Thank you for visiting my site.
I am an Assistant Professor of Philosophy and Data Ethics at the University of Oregon. I research the epistemic and ethical implications of the use of computational methods and technologies in science and society.
I have published papers on the epistemic implications of big data in science as well as on the challenges of justifying our ubiquitous reliance on computer simulations for scientific inquiry. I have also written about the challenges that opaque computational methods such as artificial intelligence, machine learning and big data pose to democratic processes.
Currently I am working on a number of papers: one, entitled “Kinds of Epistemic Opacity”, is on the nature and sources of opacity and draws a distinction between instances of epistemic opacity that emerge due to the epistemic limitations of an agent, and those that emerge due to other, independent reasons.
A second paper, “Epistemic Injustice in Data Science”, deals with the ethical dimensions associated with the methods, practices, and instruments of Data Science. Here we argue that the harms associated with data science can be better understood as epistemic harms. We also argue that understanding this last point, allows us to have a broader view of data ethics, which is able to capture ethically relevant issues even when the methods, practices and instruments of data science work perfectly well and/or for the good.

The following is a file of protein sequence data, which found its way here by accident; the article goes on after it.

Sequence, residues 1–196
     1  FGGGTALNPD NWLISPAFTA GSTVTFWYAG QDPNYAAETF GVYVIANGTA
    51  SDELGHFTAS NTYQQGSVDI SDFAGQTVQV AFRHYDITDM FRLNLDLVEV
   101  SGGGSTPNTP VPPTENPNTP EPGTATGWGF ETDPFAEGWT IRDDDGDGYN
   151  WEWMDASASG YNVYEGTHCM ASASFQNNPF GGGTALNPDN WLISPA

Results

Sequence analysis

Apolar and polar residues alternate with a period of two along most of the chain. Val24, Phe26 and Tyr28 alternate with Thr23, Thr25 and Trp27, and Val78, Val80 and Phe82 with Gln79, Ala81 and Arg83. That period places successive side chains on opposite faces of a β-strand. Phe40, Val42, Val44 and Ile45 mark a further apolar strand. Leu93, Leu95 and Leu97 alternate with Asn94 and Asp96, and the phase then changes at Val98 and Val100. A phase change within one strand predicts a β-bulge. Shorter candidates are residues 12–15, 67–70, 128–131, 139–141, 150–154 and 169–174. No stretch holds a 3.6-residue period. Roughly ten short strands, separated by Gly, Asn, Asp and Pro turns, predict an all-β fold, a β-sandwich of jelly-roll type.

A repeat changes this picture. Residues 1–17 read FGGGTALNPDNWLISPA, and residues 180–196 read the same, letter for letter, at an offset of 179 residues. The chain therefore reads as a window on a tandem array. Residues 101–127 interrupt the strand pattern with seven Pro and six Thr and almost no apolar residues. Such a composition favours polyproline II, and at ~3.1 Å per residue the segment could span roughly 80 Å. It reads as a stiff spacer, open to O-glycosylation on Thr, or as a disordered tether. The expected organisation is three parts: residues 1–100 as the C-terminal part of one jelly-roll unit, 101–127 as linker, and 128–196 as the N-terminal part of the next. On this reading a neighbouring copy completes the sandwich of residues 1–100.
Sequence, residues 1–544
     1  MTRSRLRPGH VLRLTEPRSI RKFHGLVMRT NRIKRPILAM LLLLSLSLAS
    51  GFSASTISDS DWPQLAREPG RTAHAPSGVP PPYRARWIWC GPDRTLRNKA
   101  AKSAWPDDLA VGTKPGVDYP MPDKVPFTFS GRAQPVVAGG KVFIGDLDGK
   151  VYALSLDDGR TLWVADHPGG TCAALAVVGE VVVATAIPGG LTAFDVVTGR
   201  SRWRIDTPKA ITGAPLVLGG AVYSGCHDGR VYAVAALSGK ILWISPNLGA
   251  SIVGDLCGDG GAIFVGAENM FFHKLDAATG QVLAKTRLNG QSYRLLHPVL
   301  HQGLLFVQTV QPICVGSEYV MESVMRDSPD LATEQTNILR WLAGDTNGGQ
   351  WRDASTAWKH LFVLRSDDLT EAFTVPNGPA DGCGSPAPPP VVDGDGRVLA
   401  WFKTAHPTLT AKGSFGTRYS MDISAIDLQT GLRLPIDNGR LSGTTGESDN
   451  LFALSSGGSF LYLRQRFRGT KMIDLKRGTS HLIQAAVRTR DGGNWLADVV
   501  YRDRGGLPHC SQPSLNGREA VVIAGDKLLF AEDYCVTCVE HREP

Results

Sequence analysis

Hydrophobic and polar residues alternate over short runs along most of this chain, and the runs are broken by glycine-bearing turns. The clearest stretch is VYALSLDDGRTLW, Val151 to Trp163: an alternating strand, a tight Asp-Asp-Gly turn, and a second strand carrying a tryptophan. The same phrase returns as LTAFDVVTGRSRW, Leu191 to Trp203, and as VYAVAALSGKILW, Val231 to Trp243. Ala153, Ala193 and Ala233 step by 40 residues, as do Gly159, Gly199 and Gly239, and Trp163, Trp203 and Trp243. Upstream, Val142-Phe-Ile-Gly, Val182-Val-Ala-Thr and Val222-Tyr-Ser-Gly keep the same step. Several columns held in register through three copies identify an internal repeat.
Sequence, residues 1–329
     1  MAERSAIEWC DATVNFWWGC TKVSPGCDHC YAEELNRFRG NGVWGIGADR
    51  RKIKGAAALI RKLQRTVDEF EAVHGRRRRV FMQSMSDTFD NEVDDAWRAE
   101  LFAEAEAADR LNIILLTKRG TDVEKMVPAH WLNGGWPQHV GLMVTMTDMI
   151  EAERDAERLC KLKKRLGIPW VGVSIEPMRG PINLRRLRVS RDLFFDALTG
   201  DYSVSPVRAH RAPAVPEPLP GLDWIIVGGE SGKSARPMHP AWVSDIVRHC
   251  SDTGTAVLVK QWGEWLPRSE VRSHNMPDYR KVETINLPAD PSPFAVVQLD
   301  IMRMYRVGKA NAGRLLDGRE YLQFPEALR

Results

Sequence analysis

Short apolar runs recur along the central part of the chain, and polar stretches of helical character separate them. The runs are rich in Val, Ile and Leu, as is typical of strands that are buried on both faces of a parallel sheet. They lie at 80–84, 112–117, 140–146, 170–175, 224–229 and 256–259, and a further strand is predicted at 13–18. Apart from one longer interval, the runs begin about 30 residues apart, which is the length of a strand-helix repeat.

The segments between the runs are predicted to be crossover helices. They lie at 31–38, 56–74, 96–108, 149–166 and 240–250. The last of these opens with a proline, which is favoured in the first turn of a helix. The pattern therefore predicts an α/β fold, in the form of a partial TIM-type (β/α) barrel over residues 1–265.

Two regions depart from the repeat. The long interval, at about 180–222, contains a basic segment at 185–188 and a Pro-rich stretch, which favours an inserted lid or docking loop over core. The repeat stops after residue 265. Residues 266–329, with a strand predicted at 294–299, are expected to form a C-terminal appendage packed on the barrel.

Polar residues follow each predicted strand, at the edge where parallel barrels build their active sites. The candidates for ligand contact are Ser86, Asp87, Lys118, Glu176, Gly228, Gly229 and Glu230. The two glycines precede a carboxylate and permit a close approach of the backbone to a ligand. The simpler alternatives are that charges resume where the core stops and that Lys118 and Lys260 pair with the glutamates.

A third paper in production, “The Turing Test as a Moral Status Test”, argues that the Turing Test is is actually about the grounds on which we can/should grant or deny moral status to an interlocutor. This is in sharp contrast to conventional readings of Turing, in which the debate centers solely on issues of intelligence and/or lack thereof.
This summer I will be working on the final stages of a manuscript on the nature, influence, and role of computer simulations in scientific inquiry, entitled “Computer Simulations as Instruments”. An integral part of this manuscript comes from my dissertation work under the supervision of Professor John Symons at the University of Kansas, where I got my PhD.